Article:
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Nancy Chodorow is a contemporary feminist psychologist and sociologist who has examined the mother-child relationship and applied feminist theories to traditional Freudian psychoanalysis. Much of her work has been used to develop the field of feminist psychoanalysis.
Nancy Chodorow was born on January 20, 1944 in New York. She studied at Radcliffe College and received her BA from Radcliffe before attending Brandeis University. In 1975, Chodorow graduated from Brandeis with a PhD in sociology.
She was heavily influenced by feminist theorists, including Beatrice Whiting and Philip Slater. Chodorow explored personality through the lens of psychology and began to revise, expand upon, and in some cases oppose traditional Freudian doctrine. Chodorow expanded on Karen Horney’s work on ego formation during childhood and was inspired by other feminists, such as Melanie Klein. In 1973, Chodorow taught women’s studies at Wellesley. The following year, she took a position at UC Santa Cruz as the Assistant Professor of Sociology, where she remained until 1986.
Chodorow has received many awards for her work, including the Jessie Bernard Award. She is a member of the National Women’s Study Association, the Center for the Advanced Study of Behavioral Sciences, and the American Sociological Association. She taught sociology at the University of California at Berkeley until her retirement in 2005.
Contribution to Psychology
Chodorow argues that relational transactions form the basis of our identity and subjectivity. Unlike Lacan, a popular philosopher of psychology, she emphasizes that autonomy is not generated from within, but rather from without, from the experience of connecting, separating, and reconnecting with others. She emphasizes that people develop a real sense of experience through these actions, thus creating a connection between their past and their present.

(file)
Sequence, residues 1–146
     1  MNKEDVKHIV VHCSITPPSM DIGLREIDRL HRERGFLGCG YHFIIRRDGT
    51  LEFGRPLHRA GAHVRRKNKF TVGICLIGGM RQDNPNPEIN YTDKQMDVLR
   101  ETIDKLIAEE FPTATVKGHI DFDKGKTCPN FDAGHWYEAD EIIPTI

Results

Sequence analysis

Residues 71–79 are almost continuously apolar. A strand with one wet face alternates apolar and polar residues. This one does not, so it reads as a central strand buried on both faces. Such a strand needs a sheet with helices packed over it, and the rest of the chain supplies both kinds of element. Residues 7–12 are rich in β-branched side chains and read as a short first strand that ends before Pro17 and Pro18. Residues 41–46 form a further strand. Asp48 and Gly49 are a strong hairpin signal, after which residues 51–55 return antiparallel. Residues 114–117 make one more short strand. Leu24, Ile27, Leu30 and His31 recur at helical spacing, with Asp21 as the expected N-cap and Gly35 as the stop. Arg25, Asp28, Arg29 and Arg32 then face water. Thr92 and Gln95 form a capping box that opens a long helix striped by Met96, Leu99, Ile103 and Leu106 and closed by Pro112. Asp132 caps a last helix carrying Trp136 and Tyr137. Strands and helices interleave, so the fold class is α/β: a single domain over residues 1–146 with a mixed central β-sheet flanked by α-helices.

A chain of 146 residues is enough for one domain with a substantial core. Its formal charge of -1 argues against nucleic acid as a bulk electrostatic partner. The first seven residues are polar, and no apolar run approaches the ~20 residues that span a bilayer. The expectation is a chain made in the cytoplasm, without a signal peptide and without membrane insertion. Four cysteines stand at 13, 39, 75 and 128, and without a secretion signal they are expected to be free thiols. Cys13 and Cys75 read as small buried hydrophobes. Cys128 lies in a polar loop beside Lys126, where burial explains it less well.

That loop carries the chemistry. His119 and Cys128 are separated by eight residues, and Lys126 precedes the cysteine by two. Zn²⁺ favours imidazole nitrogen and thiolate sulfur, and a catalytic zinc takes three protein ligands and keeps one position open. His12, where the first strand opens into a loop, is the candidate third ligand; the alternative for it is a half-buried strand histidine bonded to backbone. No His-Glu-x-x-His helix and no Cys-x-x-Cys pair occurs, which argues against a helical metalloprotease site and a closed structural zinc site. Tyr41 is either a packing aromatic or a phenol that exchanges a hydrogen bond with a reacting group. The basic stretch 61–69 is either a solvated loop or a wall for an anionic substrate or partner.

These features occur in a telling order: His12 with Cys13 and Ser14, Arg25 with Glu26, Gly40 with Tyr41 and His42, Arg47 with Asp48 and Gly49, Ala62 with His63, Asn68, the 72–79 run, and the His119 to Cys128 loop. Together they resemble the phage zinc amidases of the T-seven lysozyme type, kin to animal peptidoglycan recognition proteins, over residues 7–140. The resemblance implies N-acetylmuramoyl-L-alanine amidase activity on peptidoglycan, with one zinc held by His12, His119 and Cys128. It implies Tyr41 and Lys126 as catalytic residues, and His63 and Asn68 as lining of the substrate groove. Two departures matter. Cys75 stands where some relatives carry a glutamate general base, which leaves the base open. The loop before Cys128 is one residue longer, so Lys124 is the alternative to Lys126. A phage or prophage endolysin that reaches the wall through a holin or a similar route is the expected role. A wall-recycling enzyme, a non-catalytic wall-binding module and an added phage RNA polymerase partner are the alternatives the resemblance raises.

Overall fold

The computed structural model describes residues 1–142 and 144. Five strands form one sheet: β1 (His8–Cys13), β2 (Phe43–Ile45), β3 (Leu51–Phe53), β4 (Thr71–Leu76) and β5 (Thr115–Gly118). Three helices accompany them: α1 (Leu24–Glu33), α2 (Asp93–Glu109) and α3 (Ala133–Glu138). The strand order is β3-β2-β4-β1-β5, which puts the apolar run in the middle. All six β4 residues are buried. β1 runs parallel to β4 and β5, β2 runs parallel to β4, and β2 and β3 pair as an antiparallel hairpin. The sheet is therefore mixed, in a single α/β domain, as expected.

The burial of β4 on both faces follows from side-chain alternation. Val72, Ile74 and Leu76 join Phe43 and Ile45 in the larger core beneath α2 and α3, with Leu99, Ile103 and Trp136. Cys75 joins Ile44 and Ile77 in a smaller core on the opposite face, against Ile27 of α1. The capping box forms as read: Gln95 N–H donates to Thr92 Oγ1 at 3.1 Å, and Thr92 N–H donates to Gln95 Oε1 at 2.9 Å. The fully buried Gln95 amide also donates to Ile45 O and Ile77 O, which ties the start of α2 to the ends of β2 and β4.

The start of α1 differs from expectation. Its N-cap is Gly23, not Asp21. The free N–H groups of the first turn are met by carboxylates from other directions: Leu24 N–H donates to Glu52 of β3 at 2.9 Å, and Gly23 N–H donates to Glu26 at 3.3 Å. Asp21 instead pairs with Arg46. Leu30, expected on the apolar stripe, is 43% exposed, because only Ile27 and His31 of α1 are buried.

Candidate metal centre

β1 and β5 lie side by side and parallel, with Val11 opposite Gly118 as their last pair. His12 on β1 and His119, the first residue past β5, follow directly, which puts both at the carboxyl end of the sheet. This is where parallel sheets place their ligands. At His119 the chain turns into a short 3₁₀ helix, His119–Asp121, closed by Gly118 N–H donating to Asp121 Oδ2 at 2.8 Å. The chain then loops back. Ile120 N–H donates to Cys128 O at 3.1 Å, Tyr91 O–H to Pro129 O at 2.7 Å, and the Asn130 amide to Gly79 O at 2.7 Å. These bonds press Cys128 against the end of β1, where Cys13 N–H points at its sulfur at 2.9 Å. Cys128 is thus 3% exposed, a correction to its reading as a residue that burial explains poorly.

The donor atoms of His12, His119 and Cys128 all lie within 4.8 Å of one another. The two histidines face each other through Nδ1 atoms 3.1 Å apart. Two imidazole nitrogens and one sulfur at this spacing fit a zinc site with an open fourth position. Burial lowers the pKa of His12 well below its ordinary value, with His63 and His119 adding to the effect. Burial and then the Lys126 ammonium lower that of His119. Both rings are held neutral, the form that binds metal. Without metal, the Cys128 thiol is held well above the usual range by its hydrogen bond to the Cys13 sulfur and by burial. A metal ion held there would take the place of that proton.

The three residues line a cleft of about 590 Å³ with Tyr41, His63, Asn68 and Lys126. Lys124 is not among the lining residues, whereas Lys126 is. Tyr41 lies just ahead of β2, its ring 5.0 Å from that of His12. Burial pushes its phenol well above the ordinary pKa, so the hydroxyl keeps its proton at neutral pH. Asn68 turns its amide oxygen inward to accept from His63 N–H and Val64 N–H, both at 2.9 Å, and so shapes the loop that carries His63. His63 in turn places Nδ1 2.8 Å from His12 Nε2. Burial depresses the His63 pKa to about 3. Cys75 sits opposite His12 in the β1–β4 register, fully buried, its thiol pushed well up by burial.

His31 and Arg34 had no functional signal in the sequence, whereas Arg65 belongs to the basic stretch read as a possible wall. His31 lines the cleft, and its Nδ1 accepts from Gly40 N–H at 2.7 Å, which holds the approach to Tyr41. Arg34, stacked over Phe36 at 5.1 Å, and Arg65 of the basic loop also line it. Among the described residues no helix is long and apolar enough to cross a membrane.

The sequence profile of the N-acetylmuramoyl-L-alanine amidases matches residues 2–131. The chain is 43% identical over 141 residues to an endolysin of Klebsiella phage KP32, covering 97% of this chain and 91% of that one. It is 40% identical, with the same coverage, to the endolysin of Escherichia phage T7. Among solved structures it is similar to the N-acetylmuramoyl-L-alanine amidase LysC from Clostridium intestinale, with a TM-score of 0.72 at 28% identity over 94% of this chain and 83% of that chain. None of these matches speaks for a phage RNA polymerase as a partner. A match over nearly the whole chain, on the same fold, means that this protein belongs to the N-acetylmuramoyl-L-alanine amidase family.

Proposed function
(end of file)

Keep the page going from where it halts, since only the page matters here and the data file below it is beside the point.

Chodorow approached psychoanalysis from a feminist viewpoint and focused on the relationship of the mother and child rather than the father-son dyad. She described psychoanalysis as the process of reconstructing the felt past.
Chodorow argues that gender differences in behavior grow out of the Oedipal complex. Like Freud, she argues that children are born bisexual and that a mother is a child's first sexual object. Unlike Freud, however, she emphasizes that a child's ego is formed as a reaction to the mother's dominating presence. Male children identify with their fathers and detach from their mothers, while female children often struggle more to form an independent identity. They tend to struggle with their eroticized love for the father and their alignment with the mother.
Chodorow emphasizes that this process helps to explain the oppression of women. She also argues that, in marriage, women tend to focus primarily on their children, alienating their partners.
She has published many books that detail her views on feminism and psychology. The journal Contemporary Sociology named her book, The Reproduction of Mothering (1978/1999), one of the 10 most influential books of the last 25 years. Other works include:
Last Update: 2013-06-14